There were some interesting developments at the Umani Springs stockades in the Kibwezi Forest this month. The Keepers were delighted to see Murera, who is normally extremely wary of any wild elephant bulls, take quite a keen interest in some of them during their covert visits. June saw some very impressive big bulls with big tusks visit the stockades for the first time, and perhaps their sheer size and presence was enough to attract the attention of shy Murera. Although the keepers are happy that Murera is beginning to warm up to the wild elephant herds of the forest, it is a concern for the keepers to have such large wild bulls creeping around through the bushes trying to get to the girls, as it is very easy to accidentally stumble upon them without warning. Despite this, the keepers are being extra vigilant and encouraging the visits, whilst Lima Lima is great at giving them forewarning when wild elephants are around in order to keep them safe, and she provides them with great comfort instinctively knowing they need her forewarning.
During one of these forays in the forest with the wild bulls, the keepers looked on in awe as the orphans all happily mingled with them, with Lima Lima and Ziwa getting up close and feeling them tentatively with their little trunks, easily walking beneath the bellies of the big males, and not even being able to reach up and touch their ears or heads, making all the orphans look so tiny in comparison. Sonje and Quanza were a little more tentative, but clearly they too were enjoying the attention. Such interactions are hugely important for the orphans, teaching them how to behave properly in wild elephant company, as when any of the orphans misbehave or get too boisterous with their wild elders, the bulls are all too ready to give them a good prod with their huge tusks to warn them to watch their manners. Seeing this incredible interaction develop here at our relatively new reintegration unit is a great joy for us all.
All of the orphans really have made Umani their home and have settled in effortlessly, yet some of the babies do experience some bad memories from the trauma they experienced before their rescue. Alamaya, has some terrible memories of the hyenas that attacked him when he was alone in the Maasai Mara before he was taken to safety, so when one night some hyenas came close to the stockades and started making their loud and eerie whooping calls, Alamaya was immediately terrified. When he heard the calls, he began defending his stockade by pushing on the wooden posts and pushing the gates to make lots of noise, whilst signalling to the other orphans to be aware. The keepers came out of their night duty tent immediately, understanding that Alamaya was scared, and ran towards the hyenas shouting at them to scare them off and stop their calling, which made Alamaya settle down.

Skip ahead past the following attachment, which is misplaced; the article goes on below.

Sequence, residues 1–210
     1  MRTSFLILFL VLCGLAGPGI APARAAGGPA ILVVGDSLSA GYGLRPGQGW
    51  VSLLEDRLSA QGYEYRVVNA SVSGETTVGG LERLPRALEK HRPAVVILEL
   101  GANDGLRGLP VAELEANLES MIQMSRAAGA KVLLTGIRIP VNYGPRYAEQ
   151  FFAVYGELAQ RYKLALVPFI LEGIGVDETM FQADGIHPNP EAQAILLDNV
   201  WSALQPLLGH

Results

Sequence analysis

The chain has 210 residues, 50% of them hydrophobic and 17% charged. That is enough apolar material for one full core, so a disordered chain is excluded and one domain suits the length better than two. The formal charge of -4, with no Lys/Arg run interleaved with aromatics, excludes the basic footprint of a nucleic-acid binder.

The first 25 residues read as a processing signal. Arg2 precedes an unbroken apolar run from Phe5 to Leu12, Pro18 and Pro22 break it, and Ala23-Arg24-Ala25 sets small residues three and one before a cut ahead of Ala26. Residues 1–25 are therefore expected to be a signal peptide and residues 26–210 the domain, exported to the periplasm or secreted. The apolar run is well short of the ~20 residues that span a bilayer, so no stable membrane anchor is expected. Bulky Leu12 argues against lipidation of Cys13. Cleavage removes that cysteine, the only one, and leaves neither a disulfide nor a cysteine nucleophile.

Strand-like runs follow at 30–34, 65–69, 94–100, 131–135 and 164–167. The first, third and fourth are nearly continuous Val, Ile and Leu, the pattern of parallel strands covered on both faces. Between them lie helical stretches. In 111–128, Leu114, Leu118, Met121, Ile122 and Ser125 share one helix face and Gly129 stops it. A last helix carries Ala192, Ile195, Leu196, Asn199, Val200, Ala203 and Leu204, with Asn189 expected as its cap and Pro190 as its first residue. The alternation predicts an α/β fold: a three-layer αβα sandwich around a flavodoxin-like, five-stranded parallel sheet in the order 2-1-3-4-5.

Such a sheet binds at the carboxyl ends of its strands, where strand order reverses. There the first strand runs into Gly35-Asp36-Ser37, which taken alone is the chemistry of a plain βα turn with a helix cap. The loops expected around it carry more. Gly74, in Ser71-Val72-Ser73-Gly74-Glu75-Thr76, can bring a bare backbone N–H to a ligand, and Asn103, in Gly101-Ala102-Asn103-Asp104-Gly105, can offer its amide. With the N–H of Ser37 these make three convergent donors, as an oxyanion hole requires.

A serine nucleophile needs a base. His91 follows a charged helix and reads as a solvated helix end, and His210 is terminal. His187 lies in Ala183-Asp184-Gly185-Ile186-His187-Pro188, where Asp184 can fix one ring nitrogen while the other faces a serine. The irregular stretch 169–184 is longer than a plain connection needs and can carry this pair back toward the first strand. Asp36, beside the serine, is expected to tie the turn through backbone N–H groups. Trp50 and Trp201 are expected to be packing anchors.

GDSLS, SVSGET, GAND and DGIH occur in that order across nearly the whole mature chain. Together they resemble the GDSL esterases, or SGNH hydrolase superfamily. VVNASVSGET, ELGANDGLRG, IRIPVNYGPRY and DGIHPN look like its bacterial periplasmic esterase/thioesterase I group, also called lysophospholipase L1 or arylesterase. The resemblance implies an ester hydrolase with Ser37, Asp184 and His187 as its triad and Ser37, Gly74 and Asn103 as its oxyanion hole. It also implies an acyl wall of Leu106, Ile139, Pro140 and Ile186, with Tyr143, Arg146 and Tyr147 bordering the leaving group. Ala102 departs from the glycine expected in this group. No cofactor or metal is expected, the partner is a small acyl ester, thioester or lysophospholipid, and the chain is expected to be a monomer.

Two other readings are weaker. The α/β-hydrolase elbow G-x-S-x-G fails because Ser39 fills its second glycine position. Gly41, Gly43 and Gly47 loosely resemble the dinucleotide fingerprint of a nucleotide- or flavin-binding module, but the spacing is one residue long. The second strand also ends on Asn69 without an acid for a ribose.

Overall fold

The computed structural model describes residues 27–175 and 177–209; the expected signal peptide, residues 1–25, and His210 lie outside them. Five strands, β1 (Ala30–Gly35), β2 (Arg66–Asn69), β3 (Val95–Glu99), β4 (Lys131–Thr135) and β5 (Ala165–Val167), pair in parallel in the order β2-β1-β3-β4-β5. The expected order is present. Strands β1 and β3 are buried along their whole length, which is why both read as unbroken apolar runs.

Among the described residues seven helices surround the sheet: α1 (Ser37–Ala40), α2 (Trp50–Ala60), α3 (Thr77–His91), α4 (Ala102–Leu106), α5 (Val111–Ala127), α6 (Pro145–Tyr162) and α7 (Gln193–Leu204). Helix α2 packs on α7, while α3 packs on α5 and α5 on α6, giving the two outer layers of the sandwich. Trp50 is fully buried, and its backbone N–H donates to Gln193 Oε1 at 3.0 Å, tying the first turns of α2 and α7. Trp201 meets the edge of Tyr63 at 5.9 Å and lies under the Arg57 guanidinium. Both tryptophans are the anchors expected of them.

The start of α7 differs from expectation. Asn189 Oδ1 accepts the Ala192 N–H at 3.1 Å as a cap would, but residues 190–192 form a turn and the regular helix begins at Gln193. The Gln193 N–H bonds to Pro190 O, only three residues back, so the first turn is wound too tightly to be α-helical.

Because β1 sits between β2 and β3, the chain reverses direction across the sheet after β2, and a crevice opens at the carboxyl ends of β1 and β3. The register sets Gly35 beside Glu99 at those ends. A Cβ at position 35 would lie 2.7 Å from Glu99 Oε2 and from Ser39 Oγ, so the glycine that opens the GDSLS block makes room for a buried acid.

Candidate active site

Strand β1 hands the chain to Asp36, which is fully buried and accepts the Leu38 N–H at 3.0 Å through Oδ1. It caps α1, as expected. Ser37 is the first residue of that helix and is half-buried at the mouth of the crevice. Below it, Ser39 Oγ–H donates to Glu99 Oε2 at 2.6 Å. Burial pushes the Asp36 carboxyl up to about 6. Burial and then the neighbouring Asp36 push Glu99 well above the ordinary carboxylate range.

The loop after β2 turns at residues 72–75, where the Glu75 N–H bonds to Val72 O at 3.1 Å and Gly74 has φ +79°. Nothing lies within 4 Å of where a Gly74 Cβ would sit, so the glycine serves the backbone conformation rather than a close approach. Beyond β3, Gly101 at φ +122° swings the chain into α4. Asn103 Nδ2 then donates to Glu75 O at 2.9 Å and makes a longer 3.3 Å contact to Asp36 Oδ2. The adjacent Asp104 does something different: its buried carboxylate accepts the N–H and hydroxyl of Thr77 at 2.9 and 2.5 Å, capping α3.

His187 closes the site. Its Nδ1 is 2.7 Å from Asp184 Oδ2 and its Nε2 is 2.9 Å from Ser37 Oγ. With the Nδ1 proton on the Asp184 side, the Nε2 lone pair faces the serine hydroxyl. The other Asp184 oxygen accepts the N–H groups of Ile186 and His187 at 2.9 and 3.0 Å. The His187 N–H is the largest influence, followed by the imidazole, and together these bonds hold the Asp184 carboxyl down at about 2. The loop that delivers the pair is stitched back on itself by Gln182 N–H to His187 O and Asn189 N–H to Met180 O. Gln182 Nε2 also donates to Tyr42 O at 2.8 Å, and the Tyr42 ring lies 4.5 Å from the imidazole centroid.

As with this time of year, the forest is now experiencing some chilly overcast weather. Without the sun to warm things up the orphans are always a little more docile, especially in the mornings. Mwashoti and Murera feel the cold more than the other orphans at Umani, and when they are first let out from their night stockades, the keepers can see that their old leg injuries are stiffer than normal, as they walk slower, trying to warm themselves up and stretch out their legs. It doesn’t take long for them to feel better after some good exercises with the others, whilst Mwashoti has also found a great new game to wake himself up in the mornings, chasing the little resident dik diks around the compound as they try and grab snacks to eat, which makes him feel like he is a big boy, enjoying not being the smallest animal in the stockades.
Just as Mwashoti wants to feel like a big bull, Faraja and Jasiri are also trying to act more and more grown up. During their daily walks out into the forest they always try and go their own way, whilst one day during the month they refused to follow the keepers at all, stubbornly stomping in the opposite direction. The keepers called and called, but they didn’t listen until Murera had to step in and, as mini matriarch, herded them back with authority, not taking any disobedience and warning them about their rebellious behaviour and that they are not ready yet to take on the wild world alone.